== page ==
He sent out all employees to be trained in sexual harassment prevention, circulated a company values statement, established a committee to independently review complaints, and pushed staff to volunteer in their areas. communities to demonstrate that Wynn can be a good corporate citizen.
Within 18 months, Mr. Maddox had put the crises he had inherited behind him and opened a new resort in Boston, renovated Wynn Macau and developed a new convention center in Las Vegas. In December 2019, as the board extended his contract, he said Wynn’s future “has never been brighter.”
Then Covid-19 struck.
In early February 2020, local authorities closed Wynn’s casinos in Macau. In mid-March, after hiring a Georgetown University health expert, Mr. Maddox also decided to shut down his resorts in the United States.
The pre-emptive shutdown was controversial, he said, but he resolved to continue paying employee wages and compensating them for lost tips. The move cost $ 250 million, he says, but he saw it as an investment in a culture he has been trying to build since 2018.
“Everyone alive today will remember 2020 and everyone will remember the way they were treated,” he says, “So now is our time to make sure people know we are there for them. I knew the investment would pay off for our shareholders in the long run.
Three questions for Matt Maddox
What was the first leadership lesson you learned?
It’s something I call the dark side of ambition. As a leader you must know that if you want to be in the sun there will be a lot of shade and you must treat that shadow as the shadow behind you and keep walking towards the sun. You are always going to have to face a crisis, and if you let the crisis define your strategy, you will not be a good leader; you will freeze.
Who is your leadership hero?
I’m a huge fan of David Solomon at Goldman and what he’s done. I’m talking to [the banker] Ken Moelis all the time [and] I have always been a huge fan of Mike Milken [the financier]. There are many more, but these are just people who understand adversity and who own it and make a difference – people who understand the dark side of ambition and don’t let it be held back.
If you didn’t do this, what would you do?
I like to create things with creative people. That’s what I like; on the development side, whether it’s on the hospitality side or thinking about what’s next and what people want to do. People always want to come together and they always want to have fun and no pandemic can stop that; it can only freeze it. So being in this fun business is something I want to do.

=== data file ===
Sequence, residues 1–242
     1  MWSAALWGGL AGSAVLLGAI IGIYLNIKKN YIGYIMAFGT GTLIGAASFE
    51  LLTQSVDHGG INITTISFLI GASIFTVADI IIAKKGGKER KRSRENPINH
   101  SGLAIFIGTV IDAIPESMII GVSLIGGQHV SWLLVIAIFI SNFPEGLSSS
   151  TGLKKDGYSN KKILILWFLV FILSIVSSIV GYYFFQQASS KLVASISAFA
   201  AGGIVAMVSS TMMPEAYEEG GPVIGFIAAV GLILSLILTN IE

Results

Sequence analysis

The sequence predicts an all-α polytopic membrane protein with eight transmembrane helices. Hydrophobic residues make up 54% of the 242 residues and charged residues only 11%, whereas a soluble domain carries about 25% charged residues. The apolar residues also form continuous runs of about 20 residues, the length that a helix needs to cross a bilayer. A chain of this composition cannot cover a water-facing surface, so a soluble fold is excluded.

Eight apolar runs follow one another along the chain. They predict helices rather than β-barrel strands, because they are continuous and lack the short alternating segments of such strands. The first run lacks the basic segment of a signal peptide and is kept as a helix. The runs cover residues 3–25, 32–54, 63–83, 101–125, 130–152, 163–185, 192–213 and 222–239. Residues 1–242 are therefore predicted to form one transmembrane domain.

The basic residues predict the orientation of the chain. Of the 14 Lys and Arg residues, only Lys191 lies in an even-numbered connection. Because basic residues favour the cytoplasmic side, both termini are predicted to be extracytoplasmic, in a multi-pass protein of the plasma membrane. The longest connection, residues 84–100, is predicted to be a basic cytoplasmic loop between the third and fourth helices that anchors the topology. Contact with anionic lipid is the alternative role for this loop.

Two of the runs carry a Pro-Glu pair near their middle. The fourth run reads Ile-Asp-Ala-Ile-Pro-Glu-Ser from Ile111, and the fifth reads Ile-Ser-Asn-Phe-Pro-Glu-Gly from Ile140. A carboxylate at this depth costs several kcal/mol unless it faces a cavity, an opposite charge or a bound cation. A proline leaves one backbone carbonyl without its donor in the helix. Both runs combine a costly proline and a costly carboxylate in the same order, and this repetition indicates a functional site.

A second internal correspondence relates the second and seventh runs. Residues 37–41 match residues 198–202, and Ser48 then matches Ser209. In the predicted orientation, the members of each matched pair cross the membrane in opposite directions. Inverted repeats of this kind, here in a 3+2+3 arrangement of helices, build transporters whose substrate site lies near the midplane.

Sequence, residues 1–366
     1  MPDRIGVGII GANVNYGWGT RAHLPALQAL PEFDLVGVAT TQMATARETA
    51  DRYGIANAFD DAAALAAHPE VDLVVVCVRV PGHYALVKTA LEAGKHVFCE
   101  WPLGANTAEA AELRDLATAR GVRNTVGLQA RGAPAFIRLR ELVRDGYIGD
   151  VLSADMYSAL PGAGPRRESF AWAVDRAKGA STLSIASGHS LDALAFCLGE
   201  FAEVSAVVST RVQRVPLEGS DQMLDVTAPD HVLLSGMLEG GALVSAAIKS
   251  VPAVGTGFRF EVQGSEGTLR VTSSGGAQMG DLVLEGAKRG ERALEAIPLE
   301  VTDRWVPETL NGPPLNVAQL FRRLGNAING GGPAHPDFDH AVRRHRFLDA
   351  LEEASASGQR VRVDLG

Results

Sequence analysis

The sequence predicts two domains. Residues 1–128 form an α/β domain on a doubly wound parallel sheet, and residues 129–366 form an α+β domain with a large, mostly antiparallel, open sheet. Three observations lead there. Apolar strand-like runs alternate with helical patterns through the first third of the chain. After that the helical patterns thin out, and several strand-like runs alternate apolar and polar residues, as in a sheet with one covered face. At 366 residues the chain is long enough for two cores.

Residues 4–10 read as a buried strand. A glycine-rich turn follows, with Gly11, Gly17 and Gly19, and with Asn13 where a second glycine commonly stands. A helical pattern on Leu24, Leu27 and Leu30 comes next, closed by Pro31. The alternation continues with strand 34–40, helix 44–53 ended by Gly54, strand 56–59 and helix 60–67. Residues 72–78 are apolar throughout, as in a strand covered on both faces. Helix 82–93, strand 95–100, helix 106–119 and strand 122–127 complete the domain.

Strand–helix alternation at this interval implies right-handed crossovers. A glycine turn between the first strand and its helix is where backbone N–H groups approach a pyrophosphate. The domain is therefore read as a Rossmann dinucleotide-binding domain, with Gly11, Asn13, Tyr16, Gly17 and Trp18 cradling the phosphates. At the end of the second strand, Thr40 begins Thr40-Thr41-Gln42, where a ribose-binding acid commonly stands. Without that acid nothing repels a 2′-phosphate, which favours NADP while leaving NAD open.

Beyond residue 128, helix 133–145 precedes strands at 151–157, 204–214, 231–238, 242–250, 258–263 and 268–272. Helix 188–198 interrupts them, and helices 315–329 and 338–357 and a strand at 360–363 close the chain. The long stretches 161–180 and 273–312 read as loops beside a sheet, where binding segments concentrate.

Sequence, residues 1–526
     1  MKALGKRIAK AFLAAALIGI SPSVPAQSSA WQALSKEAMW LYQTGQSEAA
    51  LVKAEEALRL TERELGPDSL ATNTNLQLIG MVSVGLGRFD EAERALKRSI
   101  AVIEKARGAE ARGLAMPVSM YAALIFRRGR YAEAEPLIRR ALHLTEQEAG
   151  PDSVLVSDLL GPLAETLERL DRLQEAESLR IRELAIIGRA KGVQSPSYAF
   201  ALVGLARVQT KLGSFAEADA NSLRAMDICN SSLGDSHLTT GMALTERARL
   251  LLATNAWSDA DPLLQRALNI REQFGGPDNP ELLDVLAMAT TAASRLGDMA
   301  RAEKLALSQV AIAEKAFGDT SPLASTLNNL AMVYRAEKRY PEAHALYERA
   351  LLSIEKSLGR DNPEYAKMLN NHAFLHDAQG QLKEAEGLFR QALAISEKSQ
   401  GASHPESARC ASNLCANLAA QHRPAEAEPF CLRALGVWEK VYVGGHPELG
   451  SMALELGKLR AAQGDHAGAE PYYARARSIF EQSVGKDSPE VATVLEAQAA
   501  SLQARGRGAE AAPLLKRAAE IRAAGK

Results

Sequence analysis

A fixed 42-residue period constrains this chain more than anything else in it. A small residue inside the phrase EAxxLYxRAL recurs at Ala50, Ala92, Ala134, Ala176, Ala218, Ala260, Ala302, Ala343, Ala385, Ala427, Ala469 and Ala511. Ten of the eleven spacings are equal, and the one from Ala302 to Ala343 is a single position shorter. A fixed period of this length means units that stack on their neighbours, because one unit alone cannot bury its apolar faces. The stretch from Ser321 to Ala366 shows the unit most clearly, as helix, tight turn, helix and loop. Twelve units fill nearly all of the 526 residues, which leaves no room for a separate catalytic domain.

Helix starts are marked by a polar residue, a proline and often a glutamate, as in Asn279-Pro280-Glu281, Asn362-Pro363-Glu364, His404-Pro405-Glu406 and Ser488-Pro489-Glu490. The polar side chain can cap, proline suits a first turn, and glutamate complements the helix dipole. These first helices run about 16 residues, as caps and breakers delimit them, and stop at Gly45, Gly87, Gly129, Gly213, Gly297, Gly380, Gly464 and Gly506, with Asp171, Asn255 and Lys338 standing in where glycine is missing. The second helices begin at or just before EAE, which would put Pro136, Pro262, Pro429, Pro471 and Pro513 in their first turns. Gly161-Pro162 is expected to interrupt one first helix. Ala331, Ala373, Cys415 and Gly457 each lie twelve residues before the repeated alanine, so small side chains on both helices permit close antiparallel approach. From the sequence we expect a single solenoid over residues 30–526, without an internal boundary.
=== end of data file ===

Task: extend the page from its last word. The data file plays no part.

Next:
But shareholders also had short-term concerns, and in mid-April Mr Maddox published a plan to reopen the safety measures of which were widely admired and copied. Comprehensive planning allowed Wynn to reopen in Las Vegas in June and Massachusetts in July, albeit at a much reduced occupancy rate.
He used the days when Wynn’s casinos were quiet to upgrade them, displaying the exacting attention to detail that Mr. Wynn was known for. If an attraction isn’t perfect when it opens, he said, he’ll close it and fix it: “If it’s a B, you don’t keep it, because if something is a B, this B will quickly become a C in a few years. ”
Now, he says, his challenge is to get back to Wynn’s core business of gathering crowds of strangers together for escape entertainment. This will mean making Las Vegas a place to have fun and “the safest place to come and have fun”.
To that end, Maddox recently opened a PCR, or genetics, Covid-19 testing lab for Wynn Las Vegas customers, which can process 6,000 tests per day. He hopes this will allow the company to create “safe zones” – nightclubs, concert halls or convention centers open only to customers who have recently tested negative for Covid-19.
Three years of almost uninterrupted crises have not dampened his optimism about the post-pandemic future. “We have to be with other people,” he says. “It will be like the Roaring Twenties that will come out of it.”